Do vs. Make What do you do? What do you make? Can you do dinner tonight? What’s the difference? For many English learners, the different between ‘do’ and ‘make’ can be a difficult one to distinguish. What do you do? What do you make? Can you see how they are different? Can you do dinner tonight? Can you make dinner tonight? Now that you have a clearer picture, come up with different activities using ‘do’ or ‘make.’ Rebecca Jee Rebecca is a Pedagogy & Curriculum Associate and a graduate student at Teachers College, Columbia University pursuing a Master of Arts in Applied Linguistics. (Visited 469 times, 2 visits today)

The role of videos in the teaching and learning of content in a foreign language | Cinganotto | Journal of e-Learning and Knowledge Society The role of videos in the teaching and learning of content in a foreign language Letizia Cinganotto, Daniela Cuccurullo Abstract This paper stems from the increasing role CLIL (Content and Language Integrated Learning) methodology is playing in the Italian schools, having been introduced by a Reform Law (Decrees 88/89 dated 2010) in the upper secondary school curricula. Keywords Videos, CLIL, teacher training, technology enhanced learning This work is licensed under a Creative Commons Attribution 3.0 License. Journal of e-Learning and Knowledge Society | ISSN (online) 1971 - 8829 | ISSN (paper) 1826 - 6223 © 2014 Je-LKS - Italian e-Learning Association (SIe-L).

10 Types of Transitions By Mark Nichol Writing is simply a matter of expressing ideas, but as we all know, it’s not so simple after all. One challenge is to coherently connect those ideas. This post lists ten categories of words and phrases one can employ to signal a transition, with several examples for each type. These words and phrases can be used within a sentence as well as at the beginning. Note, too, that many can apply to more than one category. 1. “Besides, it would give me great satisfaction to help you.” “First, I’d like to thank you for inviting me to speak tonight.” 2. “Likewise, the sequel was very successful.” “Similarly, we observed no differences in response rate.” 3. “Naturally, the final decision is up to her.” “Of course, he will want to examine the documents himself.” 4. “However, I don’t see what that has to do with anything.” “Otherwise, how can they expect us to comply?” 5. “As a result, I’m not sure what to do.” “For this reason, we have decided to halt the project.” 6. 7. 8. 9. 10.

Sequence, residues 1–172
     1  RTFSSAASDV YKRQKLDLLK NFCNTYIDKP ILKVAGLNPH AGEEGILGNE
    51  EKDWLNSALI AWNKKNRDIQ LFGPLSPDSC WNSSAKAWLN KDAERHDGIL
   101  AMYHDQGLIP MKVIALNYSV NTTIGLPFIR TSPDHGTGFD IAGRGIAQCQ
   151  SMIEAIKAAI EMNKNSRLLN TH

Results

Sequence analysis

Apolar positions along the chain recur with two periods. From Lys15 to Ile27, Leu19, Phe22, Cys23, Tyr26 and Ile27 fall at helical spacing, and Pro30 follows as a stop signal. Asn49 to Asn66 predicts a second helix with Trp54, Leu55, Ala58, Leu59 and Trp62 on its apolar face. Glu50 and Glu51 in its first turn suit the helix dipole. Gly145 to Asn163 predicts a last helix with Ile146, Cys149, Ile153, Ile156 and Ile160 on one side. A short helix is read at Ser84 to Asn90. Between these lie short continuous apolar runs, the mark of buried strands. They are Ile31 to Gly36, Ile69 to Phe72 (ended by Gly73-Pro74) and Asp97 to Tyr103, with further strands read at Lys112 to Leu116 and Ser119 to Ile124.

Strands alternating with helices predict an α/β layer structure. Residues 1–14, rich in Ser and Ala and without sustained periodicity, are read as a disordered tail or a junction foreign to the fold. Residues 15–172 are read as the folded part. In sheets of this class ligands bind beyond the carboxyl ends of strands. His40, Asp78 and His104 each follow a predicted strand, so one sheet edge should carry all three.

25 clever ideas to make life easier Via: amy-newnostalgia.blogspot.com Why didn’t I think of that?! We guarantee you’ll be uttering those words more than once at these ingenious little tips, tricks and ideas that solve everyday problems … some you never knew you had! (Above: hull strawberries easily using a straw). Via: apartmenttherapy.com Rubbing a walnut over scratches in your furniture will disguise dings and scrapes. Via: unplggd.com Remove crayon masterpieces from your TV or computer screen with WD40 (also works on walls). Via: athomewithrealfood.blogspot.com Stop cut apples browning in your child’s lunch box by securing with a rubber band. Via: marthastewart.com Overhaul your linen cupboard – store bedlinen sets inside one of their own pillowcases and there will be no more hunting through piles for a match. Via: realsimple.com Pump up the volume by placing your iPhone / iPod in a bowl – the concave shape amplifies the music. Via: savvyhousekeeping.com Re-use a wet-wipes container to store plastic bags. Via: iheartnaptime.net